On November 7, the Italian Senate approved the new Decree-Law on immigration and security, introducing significant amendments and restrictions to the current asylum framework, prompting protests in the capital and opposition from institutions and organisations.
The law includes amendments in qualification and reception provisions, abolishes the humanitarian protection status and restricts access to accommodation in SPRAR (Protection System for Refugees and Asylum Seekers) hosting facilities. Several detention and procedure-related amendments also predict significant changes in asylum standards and living conditions, while the decree includes provisions that make expulsion of aliens and citizenship revocation easier.
On Saturday, several thousand protesters participated in a march organised in Rome against the decree, which has been dubbed as the “Salvini decree” in reference to Matteo Salvini, the Interior Minister who is behind it. The protesters targeted the Minister’s hostile stance on migrant and refugee rights which has been prevalent amid wider anti- EU rhetoric.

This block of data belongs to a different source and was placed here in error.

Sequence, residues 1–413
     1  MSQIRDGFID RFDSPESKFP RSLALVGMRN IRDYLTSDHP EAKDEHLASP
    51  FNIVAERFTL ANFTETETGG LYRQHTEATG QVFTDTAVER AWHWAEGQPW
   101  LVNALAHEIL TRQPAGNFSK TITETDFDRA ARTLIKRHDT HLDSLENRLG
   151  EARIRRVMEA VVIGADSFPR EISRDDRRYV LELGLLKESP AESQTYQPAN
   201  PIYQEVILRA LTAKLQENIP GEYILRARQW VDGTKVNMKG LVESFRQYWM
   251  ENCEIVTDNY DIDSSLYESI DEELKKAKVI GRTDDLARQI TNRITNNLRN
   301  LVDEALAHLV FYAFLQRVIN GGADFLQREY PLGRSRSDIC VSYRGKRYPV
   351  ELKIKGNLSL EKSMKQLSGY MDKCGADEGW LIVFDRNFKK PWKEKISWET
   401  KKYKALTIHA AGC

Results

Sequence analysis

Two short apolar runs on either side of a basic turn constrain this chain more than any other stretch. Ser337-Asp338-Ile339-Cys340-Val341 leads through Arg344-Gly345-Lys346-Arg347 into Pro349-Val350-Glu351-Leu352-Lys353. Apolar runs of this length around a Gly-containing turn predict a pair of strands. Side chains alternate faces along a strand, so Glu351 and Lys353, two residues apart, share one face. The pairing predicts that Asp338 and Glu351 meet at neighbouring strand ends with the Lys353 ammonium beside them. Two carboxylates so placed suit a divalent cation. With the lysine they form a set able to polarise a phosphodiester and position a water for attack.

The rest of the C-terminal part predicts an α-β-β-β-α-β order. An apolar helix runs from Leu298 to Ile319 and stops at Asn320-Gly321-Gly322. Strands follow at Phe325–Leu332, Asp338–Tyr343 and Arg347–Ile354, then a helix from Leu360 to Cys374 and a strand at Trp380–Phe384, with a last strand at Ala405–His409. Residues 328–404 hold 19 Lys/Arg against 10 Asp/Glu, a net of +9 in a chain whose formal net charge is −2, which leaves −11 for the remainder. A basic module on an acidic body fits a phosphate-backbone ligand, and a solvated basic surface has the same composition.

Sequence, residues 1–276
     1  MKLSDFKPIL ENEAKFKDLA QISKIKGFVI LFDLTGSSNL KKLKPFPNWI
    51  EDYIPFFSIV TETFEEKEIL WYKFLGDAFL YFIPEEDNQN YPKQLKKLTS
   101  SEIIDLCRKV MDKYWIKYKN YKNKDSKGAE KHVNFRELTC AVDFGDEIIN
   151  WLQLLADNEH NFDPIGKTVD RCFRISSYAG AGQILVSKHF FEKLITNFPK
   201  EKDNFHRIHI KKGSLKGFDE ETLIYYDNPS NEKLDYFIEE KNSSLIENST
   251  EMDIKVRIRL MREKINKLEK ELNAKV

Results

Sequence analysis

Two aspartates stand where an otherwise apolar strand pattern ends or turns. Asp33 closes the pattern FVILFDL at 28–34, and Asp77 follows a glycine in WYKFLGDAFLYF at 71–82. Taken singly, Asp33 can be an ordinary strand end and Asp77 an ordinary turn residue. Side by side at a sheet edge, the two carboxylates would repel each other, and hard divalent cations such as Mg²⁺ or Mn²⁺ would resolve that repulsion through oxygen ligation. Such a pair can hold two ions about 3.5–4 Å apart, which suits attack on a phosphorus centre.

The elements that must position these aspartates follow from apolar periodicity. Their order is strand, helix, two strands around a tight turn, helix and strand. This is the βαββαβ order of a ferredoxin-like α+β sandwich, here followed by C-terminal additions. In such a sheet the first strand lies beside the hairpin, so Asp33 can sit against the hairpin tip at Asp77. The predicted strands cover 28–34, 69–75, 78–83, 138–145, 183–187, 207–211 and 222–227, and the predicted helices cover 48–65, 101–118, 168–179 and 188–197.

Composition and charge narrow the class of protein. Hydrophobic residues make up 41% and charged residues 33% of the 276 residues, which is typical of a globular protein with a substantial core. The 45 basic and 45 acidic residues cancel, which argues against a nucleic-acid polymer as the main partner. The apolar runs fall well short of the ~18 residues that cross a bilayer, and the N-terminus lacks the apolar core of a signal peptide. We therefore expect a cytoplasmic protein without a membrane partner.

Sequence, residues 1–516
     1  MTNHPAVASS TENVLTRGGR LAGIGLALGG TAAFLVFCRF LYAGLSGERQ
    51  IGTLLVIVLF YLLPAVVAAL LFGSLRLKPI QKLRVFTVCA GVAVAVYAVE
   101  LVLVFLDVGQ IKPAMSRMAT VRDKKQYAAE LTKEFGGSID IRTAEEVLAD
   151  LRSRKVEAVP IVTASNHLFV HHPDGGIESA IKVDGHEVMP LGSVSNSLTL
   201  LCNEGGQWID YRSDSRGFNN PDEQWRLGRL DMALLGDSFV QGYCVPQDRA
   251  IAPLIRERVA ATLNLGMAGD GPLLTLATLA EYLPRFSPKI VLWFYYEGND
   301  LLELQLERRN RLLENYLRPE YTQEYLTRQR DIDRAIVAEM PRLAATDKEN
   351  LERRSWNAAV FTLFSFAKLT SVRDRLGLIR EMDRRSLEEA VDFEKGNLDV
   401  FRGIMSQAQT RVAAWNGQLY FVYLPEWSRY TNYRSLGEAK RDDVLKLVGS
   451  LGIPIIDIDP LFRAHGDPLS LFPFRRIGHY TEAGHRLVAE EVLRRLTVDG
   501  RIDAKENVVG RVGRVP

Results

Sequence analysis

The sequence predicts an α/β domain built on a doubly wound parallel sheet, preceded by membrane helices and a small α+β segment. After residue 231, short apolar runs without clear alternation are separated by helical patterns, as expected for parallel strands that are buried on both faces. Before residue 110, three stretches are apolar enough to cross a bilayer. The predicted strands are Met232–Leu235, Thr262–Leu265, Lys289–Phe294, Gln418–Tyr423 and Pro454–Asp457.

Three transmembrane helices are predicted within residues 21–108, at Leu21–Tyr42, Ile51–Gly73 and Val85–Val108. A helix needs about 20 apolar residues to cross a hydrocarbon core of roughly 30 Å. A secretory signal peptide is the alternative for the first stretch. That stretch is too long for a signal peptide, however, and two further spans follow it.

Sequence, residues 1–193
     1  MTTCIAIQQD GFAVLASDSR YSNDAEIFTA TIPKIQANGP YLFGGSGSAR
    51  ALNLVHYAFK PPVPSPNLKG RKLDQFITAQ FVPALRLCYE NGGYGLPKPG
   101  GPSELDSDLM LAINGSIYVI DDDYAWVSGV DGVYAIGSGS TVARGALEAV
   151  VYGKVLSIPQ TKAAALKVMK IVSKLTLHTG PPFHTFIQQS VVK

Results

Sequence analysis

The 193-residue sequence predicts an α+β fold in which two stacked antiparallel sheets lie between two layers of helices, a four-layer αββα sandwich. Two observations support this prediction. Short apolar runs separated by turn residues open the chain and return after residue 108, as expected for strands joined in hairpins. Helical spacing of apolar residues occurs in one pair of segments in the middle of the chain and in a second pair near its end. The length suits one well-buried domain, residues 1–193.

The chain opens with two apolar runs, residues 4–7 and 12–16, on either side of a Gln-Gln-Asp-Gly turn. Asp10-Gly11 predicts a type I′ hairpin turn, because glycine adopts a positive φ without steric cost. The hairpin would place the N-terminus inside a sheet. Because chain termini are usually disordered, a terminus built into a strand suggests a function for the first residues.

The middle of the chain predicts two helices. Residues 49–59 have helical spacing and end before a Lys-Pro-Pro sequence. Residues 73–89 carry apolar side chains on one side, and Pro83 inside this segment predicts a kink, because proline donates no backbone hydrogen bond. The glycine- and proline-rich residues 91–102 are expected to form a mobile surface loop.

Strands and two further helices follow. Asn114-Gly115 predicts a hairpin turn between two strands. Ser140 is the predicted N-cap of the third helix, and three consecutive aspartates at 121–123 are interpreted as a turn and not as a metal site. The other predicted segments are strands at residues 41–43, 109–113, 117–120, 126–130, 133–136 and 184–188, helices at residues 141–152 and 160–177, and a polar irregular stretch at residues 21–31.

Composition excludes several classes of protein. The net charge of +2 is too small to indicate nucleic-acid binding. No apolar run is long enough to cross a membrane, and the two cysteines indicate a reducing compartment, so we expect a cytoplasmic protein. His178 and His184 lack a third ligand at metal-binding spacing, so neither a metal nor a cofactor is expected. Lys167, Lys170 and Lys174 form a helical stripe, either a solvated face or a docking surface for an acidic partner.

The decree has been widely criticised by local NGOs, with the United Nations Refugee Agency (UNHCR) releasing a press statement concerning the destructive impact the measures could have on access to protection and the rights of asylum seekers and refugees. On Thursday, November 15, the High Council of the Judiciary issued an opinion on the content of the decree, stating that it violates the constitutional rights of refugees and migrants.
On the same day, Dunja Mijatovic, the Council of Europe’s Commissioner for Human Rights, described the bill as a step back on migration and asylum that “raises several concerns regarding the human rights of migrants and asylum seekers” specifically noting the restriction of reception and integration standards.
For further information:
- ANSA, Security decree put to confidence vote, November 2018
- Italian Ministry of Interior, Decreto sicurezza e immigrazione, September 2018
- AIDA, Country Report Italy, 2017 Update, March 2018
Photo: (CC) Franz Jachim, October 2015